Zenobia, generally agreed to have been primarily of Semitic (Arab) descent. Zenobia’s languages likely included Arabic, Greek, Aramaic and Latin. In 258, Zenobia was noted as being the wife of the king of Palymra, Septimius Odaenathus. Palymra, between Syria and Babylonia, at the edge of the and the Persian empire, was economically dependent upon trade, protecting caravans. Palmyra was known as Tadmore locally. Zenobia accompanied her husband, riding ahead of the army, as he expanded Palmyra’s territory, to help protect Rome’s interests and to harry the Persians of the Sassanid empire. After her husband was assassinated, Zenobia assumed the title of “Augusta” for herself, and “Augustus” for her young son.
In 269-270, Zenobia and her general Zabdeas conquered Egypt, ruled by the Romans. When the Roman prefect of Egypt objected to Zenobia’s takeover, Zenobia had him beheaded. Zenobia sent a declaration to the citizens of Alexandria, calling it “my ancestral city,” emphasizing her Egyptian heritage. After this success, Zenobia personally led her army as a “warrior queen.” She conquered more territory, including Syria, Lebanon and Palestine, creating an empire independent of Rome. This area of Asia Minor represented valuable trade route territory for the Romans, and the Romans seem to have accepted her control over these routes for a few years. Zenobia cut off grain supplies to the empire, which caused a bread shortage in Rome.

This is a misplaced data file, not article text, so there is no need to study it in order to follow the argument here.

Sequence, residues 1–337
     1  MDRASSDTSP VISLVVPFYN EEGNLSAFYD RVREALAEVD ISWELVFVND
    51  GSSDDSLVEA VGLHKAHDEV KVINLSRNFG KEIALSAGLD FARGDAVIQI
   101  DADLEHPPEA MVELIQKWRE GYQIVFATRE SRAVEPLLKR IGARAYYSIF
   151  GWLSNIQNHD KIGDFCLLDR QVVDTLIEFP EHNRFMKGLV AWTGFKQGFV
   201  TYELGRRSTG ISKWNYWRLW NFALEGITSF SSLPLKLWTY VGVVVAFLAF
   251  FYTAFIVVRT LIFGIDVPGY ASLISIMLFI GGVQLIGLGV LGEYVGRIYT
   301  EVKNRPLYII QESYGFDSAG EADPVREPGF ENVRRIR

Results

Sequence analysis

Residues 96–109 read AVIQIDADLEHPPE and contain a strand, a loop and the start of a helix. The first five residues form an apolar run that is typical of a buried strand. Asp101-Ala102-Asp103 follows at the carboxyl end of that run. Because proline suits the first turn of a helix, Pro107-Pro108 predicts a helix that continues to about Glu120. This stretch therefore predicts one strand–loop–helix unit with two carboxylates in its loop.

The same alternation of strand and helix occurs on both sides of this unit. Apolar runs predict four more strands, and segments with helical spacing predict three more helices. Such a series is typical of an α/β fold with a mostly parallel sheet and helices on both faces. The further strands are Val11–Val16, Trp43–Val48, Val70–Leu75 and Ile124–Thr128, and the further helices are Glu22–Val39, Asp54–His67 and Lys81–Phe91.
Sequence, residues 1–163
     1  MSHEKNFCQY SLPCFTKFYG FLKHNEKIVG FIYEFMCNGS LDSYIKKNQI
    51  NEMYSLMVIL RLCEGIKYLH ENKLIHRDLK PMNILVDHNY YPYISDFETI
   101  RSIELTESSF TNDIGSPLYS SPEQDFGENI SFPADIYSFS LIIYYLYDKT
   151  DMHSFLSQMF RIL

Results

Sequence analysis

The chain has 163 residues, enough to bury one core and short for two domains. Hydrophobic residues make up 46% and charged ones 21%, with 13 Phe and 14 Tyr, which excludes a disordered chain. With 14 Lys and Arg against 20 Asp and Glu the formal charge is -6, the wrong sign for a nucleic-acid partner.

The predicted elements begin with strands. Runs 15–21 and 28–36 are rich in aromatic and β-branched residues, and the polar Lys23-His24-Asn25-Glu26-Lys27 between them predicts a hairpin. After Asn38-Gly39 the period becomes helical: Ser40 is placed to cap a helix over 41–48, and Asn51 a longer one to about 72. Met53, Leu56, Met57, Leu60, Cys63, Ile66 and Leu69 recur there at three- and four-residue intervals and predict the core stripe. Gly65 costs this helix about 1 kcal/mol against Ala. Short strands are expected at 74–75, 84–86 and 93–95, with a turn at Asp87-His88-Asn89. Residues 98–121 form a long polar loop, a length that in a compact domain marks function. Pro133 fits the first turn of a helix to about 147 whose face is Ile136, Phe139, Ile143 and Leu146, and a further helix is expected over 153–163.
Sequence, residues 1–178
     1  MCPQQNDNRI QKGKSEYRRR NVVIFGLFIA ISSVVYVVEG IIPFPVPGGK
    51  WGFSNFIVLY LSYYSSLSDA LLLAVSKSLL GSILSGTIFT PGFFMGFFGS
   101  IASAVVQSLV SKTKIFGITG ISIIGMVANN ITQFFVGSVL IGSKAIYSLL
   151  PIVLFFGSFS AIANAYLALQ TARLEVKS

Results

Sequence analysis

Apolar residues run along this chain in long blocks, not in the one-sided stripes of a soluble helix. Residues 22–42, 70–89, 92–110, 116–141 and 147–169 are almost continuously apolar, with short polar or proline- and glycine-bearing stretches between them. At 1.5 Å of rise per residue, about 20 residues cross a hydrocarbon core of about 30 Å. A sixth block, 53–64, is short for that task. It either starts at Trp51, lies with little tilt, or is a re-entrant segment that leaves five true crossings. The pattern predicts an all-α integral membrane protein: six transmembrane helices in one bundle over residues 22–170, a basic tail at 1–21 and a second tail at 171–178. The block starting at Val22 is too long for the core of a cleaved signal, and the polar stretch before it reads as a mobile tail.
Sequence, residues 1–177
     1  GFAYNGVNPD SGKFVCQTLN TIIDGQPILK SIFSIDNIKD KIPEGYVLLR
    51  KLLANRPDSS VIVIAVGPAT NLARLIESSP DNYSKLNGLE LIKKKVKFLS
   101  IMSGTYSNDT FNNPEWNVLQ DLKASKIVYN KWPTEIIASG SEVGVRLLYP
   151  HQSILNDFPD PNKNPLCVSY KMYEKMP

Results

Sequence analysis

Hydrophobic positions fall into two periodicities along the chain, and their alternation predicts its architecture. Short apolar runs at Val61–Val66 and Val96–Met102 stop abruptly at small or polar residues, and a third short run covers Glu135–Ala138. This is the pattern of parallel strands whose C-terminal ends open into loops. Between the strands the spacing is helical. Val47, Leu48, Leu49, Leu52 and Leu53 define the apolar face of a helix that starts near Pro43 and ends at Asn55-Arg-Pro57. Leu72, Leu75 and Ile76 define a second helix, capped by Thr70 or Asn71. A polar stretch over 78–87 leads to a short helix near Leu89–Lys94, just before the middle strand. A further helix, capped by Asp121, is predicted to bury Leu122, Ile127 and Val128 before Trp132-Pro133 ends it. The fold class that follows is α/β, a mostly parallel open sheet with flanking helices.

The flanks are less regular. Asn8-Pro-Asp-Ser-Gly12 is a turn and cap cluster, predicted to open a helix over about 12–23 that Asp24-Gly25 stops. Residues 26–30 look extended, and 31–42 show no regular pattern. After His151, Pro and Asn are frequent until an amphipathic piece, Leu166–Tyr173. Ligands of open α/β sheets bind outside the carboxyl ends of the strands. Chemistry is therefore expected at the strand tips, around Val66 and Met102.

In 272, Zenobia and her son fled to Emesa, for a final fight with Roman Emperor Aurelian. Zenobia retreated to Palmyra, and Aurelius took that city. Zenobia escaped on a camel, sought protection of the Persians, but was captured by Aurelius’ forces at the Euphrates. A letter from Aurelius includes this reference to Zenobia: “Those who speak with contempt of the war I am waging against a woman, are ignorant both of the character and power of Zenobia. It is impossible to enumerate her warlike preparations of stones, of arrows, and of every species of missile weapons and military engines.”
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